The Great Oxidation Event occured around 2.3 billion years ago, when it was no longer possible for newly created oxygen to be captured in chemical compounds. Instead, it started to accumulate as oxygen in the oceans and in the atmosphere. Before this event, in the Earth's early atmosphere, there were only traces of free oxygen. All life was based exclusively on anaerobic processes - chemical reactions that did not require oxygen. With the emergence of cyanobacteria that oxidized water with the help of light and produced oxygen as a by-product, the conditions for life on Earth gradually began to transform.
New research by scientists at the University of Bristol and Boston University suggests that the evolution of multicellularity coincided with increased diversification of cyanobacteria and the Great Oxidation Event. Cyanobacteria are among the most diverse prokaryotic phyla, with morphotypes ranging from unicellular to multicellular filamentous forms, including those able to irreversibly differentiate in form and function. It has been suggested that cyanobacteria raised oxygen levels in the atmosphere around 2.45–2.32 billion years ago during the Great Oxidation Event and dramatically changing life on the planet.
However, little is known about the possible interplay between the origin of multicellularity, diversification of cyanobacteria, and the rise of atmospheric oxygen. The team tested whether the evolution of multicellularity overlapped with the Great Oxidation, and whether multicellularity is associated with significant shifts in diversification rates in cyanobacteria.
The results indicate an origin of cyanobacteria before the rise of atmospheric oxygen. The evolution of multicellular forms coincided with the onset of the Great Oxidation Event and an increase in diversification rates, suggesting that multicellularity could have played a key role in triggering cyanobacterial evolution. In prior studies, geochemists challenged the simple notion of an up-only trend for early oxygen and provided the first compelling direct evidence for a major drop in oxygen after The Great Oxidation event some, which was critical for the origin and evolution of the first forms of eukaryotic life. The second big step in the up-only hypothesis occurred almost two billion years later, coinciding with the first appearances and earliest diversification of animals.
"Our group is among a subset of scientists who imagine that oxygen, once it began to accumulate in the ocean-atmosphere system, may have ultimately risen to very high levels about 2.3 billion years ago, perhaps even to concentrations close to what we see today," said Timothy Lyons, a professor of biogeochemistry at the University of California Riverside. "But unlike the posited irreversible rise favored by many, our new data point convincingly to an equally impressive, and still not well understood, fall in oxygen about 200 million years later."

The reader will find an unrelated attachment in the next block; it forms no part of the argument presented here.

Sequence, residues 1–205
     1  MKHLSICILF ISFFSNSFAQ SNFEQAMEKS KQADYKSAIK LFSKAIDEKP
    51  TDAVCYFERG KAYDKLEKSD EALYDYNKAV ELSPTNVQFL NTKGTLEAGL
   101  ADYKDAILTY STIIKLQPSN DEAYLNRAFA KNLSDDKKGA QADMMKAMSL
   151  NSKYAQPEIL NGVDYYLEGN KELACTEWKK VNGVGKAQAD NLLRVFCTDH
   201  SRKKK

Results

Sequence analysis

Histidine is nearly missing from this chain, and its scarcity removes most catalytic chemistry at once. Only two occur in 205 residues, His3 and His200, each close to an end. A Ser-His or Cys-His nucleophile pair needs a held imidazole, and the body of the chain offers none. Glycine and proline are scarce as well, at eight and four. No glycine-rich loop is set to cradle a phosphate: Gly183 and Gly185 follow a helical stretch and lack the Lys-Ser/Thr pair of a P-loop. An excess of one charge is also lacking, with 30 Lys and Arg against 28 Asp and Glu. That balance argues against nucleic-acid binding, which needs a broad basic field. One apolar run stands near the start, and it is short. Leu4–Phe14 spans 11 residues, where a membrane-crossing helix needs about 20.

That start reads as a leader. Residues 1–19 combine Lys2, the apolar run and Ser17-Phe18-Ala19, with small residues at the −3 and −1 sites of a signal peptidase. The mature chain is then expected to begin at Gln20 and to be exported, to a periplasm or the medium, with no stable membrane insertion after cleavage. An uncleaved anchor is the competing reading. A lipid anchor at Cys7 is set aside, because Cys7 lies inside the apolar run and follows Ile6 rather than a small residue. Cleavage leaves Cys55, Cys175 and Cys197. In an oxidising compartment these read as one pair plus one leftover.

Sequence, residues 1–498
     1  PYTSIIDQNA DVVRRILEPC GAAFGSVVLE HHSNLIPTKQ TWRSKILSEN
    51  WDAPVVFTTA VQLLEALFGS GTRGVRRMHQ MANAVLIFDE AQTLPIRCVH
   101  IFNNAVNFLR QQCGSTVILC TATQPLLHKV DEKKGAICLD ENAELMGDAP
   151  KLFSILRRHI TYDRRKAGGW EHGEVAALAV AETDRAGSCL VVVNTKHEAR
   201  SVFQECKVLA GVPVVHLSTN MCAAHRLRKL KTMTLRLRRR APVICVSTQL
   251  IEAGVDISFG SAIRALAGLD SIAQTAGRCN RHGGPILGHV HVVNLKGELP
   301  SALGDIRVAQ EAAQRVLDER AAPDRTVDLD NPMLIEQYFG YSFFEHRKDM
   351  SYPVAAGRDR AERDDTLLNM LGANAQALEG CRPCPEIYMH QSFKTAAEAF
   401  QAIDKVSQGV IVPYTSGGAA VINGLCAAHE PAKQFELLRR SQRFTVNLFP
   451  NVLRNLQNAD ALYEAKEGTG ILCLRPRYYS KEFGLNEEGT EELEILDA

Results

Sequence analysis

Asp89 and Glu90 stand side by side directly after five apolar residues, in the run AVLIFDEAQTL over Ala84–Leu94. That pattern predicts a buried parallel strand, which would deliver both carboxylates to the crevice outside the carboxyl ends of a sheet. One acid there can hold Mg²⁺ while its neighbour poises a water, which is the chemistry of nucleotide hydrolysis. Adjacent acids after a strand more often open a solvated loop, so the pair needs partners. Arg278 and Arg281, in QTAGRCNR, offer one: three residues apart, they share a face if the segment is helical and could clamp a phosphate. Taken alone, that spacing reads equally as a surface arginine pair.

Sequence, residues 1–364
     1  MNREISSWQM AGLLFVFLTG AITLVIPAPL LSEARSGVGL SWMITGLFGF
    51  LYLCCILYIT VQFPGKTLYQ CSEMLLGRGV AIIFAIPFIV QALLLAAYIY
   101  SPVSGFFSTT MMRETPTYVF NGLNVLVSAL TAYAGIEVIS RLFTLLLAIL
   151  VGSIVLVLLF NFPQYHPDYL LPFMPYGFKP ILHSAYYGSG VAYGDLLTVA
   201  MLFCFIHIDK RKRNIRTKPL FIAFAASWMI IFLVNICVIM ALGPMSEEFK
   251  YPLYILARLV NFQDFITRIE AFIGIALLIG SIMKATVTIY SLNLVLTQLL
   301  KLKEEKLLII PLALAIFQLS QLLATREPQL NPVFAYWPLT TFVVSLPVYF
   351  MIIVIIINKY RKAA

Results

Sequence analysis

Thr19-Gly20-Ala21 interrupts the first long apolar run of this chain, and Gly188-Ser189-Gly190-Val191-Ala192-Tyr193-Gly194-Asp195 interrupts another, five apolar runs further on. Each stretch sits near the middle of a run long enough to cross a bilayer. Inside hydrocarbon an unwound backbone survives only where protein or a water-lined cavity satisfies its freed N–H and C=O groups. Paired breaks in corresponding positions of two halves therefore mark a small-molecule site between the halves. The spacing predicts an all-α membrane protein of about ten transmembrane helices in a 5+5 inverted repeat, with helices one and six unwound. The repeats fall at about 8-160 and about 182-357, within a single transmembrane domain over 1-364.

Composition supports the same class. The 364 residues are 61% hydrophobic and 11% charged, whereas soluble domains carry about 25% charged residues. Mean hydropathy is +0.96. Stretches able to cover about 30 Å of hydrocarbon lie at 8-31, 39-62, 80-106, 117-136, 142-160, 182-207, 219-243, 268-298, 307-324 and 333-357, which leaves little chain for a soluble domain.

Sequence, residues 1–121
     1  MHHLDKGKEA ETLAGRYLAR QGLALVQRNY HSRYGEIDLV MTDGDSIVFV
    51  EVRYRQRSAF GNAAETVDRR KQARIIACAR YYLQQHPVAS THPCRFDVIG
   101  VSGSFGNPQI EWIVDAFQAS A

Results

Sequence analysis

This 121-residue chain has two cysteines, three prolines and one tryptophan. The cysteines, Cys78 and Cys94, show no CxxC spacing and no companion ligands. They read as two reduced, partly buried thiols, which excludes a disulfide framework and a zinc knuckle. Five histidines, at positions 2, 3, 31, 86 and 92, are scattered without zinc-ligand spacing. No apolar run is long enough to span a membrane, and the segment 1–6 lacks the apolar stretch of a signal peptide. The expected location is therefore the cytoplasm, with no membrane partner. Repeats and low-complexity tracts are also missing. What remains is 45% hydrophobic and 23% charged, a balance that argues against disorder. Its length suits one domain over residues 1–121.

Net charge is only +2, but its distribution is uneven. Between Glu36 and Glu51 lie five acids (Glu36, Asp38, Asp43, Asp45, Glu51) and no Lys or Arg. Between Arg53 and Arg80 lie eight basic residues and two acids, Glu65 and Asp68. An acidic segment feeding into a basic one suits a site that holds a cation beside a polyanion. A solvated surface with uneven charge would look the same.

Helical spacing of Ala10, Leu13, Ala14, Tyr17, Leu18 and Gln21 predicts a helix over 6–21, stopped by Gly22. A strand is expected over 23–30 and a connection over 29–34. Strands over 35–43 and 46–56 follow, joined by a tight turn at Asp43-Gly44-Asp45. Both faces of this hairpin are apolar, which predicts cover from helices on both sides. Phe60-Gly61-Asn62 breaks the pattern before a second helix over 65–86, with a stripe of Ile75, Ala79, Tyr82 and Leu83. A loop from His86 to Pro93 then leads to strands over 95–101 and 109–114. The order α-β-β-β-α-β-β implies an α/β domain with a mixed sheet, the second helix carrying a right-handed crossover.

This drop in oxygen may have ushered in more than a billion years that were marked by a return to low-oxygen concentrations at Earth's surface, including the likelihood of an oxygen-free deep ocean. "It is this condition that may have set the environmental stage and ultimately the clock for the advance of eukaryotic organisms and eventually animals," he said. Study results appeared online in the Proceedings of the National Academy of Sciences.
"The time window between 2.3 and 2.1 billion years ago is famous for the largest and longest-lived positive carbon isotope excursion in Earth history," said Noah Planavsky, currently a postdoctoral fellow at Caltech. He explained that carbon isotopes are fractionated during photosynthesis. When organic matter is buried, oxygen is released and rises in the biosphere. The burial of organic matter is tracked by the positive or heavy isotopic composition of carbon in the "Some have attributed the carbon isotope excursion to something other than organic burial and associated release of oxygen," Planavsky said. "We studied the sulfur isotope composition of the same rocks used for the carbon isotope analyses—from Canada, South Africa, the U.S., and Zimbabwe—and demonstrated convincingly that the organic burial model is the best answer."
The researchers' sulfur data point to high sulfate concentrations in the ocean, which, like today, is a classic fingerprint of high oxygen levels in the ocean and atmosphere. Sulfate, the second most abundant negatively charged ion in the ocean today, remains high when the mineral pyrite oxidizes easily on the continents and is buried in relatively small amounts in the oxygen-rich ocean.
"What is equally impressive is that the rise in oxygen was followed by a dramatic fall in sulfate and therefore oxygen," Lyons said. "Why the rise and fall occurred and how that impacted the billion years or more of ocean chemistry that followed and the life within that ocean are hot topics of research."
"The idea that oxygen levels at Earth's surface went up and down must be vital in any effort to understand the links between environmental and biological evolution on broad, geologic time scales," Planavsky concluded.